With the eggplant I served a sparkling wine the Schramberg brut

Salad Lyonnaise: fresh frisee lettuce, torn into bite sized pieces, 2 strips bacon, 1 teaspoon chopped shallots, 1 slice French or Italian bread and a little butter to make buttered croutons, 1 Poached egg per person, 1 Tbsp olive oil, 1 Tbsp wine vinegar, 1/2 teaspoon Dijon mustard, Salt and pepper to taste

1 Cook two strips of bacon on medium heat until done, about 5 minutes. Remove from heat, let drain of excess fat on a paper towel. Once cool, chop.

2 Cut a slice of French or Italian bread into cubes. Toast on medium high heat in a small saucepan with a teaspoon of melted butter. Do not stir bread unless to turn to a different side once one side is toasted.

3 Poach egg your favorite way.  

4 Layer the frisée, bacon, shallots, and croutons on a salad plate. In a small jar, mix the olive oil, vinegar, mustard, salt and pepper. Pour dressing over salad. Top with the poached egg.

Braised pork with Chinese cabbage 2 tablespoons canola oil, 36 ounces boneless pork chops, trimmed of any fat, 1 teaspoon Dijon mustard, 1 tablespoon red wine vinegar, 2 tablespoons light-brown sugar, 1 tablespoon Worcestershire sauce or 1 tablespoon soy sauce, 1 teaspoon garlic salt, 1 sprig fresh parsley, for garnish

Directions:1 Heat oil in a large heavy-bottomed skillet over medium high heat. 2 Brown pork chops on all sides, 2 to 3 minutes per side. 3 Meanwhile, in a medium bowl, stir together mustard, vinegar, sugar, Worcestershire sauce, and garlic salt with 1/3 cup water. 4 Pour over pork chops. Reduce heat, cover, and cook until tender, about 1 hour. 5 Transfer pork to a serving platter. 6 Raise heat to medium-high and cook sauce until thickened, about 5 minutes. 7 Pour sauce over pork chops; garnish with parsley and serve immediately.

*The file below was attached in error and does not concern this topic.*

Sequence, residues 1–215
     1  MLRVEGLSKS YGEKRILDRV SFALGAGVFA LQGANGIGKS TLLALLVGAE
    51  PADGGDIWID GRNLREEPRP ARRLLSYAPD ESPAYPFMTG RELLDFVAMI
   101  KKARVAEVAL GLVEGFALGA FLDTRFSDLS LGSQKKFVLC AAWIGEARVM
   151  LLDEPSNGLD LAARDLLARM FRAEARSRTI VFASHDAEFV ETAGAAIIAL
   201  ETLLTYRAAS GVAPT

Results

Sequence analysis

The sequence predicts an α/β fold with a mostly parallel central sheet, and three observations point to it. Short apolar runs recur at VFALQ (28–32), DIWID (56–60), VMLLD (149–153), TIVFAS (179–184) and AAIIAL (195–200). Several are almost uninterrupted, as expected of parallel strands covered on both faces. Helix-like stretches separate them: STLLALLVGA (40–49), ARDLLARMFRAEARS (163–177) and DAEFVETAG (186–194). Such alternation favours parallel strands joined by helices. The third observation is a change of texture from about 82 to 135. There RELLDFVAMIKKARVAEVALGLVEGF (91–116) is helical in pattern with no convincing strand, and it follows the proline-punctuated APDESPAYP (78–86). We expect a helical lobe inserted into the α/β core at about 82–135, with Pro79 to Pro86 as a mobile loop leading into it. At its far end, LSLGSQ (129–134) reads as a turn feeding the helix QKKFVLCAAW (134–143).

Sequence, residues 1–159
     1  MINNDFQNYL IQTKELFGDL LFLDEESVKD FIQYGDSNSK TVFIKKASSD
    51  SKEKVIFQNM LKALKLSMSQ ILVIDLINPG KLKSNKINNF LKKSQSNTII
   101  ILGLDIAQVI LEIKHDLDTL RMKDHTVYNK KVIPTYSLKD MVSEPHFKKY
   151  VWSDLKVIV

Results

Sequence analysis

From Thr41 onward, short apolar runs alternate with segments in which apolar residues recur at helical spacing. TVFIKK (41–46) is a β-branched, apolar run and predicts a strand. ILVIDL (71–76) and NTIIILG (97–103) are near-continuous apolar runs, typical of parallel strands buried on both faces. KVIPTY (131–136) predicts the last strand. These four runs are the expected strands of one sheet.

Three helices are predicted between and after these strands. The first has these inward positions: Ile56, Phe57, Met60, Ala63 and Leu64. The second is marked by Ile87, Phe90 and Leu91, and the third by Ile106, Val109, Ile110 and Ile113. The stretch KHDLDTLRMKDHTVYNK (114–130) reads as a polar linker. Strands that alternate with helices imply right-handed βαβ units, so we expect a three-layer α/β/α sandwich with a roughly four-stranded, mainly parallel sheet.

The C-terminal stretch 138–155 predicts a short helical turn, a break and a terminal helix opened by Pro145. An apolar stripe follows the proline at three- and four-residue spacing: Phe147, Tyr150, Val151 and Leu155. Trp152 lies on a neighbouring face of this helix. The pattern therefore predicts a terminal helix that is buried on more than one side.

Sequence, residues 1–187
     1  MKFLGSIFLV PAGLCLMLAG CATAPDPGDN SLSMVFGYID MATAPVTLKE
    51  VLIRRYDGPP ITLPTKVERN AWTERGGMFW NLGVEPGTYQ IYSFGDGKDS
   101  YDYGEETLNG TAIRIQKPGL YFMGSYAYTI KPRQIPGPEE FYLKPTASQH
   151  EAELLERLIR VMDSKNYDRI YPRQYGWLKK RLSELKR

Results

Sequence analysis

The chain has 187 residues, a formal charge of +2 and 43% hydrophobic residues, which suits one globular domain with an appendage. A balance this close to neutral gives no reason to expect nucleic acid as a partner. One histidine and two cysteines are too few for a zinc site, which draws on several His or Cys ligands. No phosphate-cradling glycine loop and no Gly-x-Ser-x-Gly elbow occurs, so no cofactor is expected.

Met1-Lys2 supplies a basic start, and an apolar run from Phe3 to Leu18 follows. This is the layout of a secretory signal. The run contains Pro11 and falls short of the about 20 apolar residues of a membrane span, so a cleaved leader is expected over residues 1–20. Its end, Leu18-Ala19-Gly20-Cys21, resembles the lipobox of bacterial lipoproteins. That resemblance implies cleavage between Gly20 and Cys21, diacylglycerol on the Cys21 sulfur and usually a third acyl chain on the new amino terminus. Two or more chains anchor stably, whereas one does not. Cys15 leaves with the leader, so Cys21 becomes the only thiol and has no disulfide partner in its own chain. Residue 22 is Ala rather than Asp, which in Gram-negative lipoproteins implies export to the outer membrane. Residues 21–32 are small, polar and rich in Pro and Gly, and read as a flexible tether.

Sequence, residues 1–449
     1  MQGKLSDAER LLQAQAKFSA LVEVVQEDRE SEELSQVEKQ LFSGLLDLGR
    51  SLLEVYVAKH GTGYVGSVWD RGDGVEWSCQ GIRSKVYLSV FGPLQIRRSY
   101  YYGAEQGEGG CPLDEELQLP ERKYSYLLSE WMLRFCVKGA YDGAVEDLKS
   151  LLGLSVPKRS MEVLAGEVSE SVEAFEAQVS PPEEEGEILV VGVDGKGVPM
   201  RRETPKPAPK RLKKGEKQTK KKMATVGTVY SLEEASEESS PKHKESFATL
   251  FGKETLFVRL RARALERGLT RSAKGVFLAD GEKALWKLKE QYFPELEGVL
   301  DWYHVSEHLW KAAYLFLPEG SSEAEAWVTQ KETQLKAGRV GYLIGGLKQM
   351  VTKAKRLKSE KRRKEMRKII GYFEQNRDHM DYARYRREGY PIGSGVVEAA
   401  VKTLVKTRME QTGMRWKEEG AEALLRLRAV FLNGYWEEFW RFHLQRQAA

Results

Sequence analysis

Offer Sauvignon blanc
 
Carluccio pears in Tokaji wine 1 cup Tokaji wine, 3⁄4 cups sugar, 2 strips orange peel, 2 strip lemon peel, 1 stick cinnamon, 4 firm ripe Bosc pears, Ice cream, or vanilla sauce, for serving
1. Combine wine, sugar, orange peel, lemon peel, cinnamon, and 2 cups water in a saucepan over medium-high heat. Cook, stirring, until sugar dissolves, about 5 minutes. Remove pan from heat and set aside.
2. Cut 1⁄4″ from pear bottoms to make a flat surface. Peel pears and nestle them into bottom of pan containing wine mixture. Bring to a boil, reduce heat to medium-low, and simmer, covered, until a knife slides into pears with ease, 50–60 minutes. Remove from heat; let cool. To serve, transfer pears, cut side down, to 4 plates and drizzle some of the sauce from the pan over pears. Serve with ice cream.